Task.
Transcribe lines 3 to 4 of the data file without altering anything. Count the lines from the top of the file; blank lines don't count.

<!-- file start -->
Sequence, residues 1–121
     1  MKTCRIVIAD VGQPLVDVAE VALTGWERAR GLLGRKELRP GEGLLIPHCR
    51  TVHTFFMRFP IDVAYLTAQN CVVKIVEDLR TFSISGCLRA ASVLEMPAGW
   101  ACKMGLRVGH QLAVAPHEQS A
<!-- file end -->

    51  TVHTFFMRFP IDVAYLTAQN CVVKIVEDLR TFSISGCLRA ASVLEMPAGW
   101  ACKMGLRVGH QLAVAPHEQS A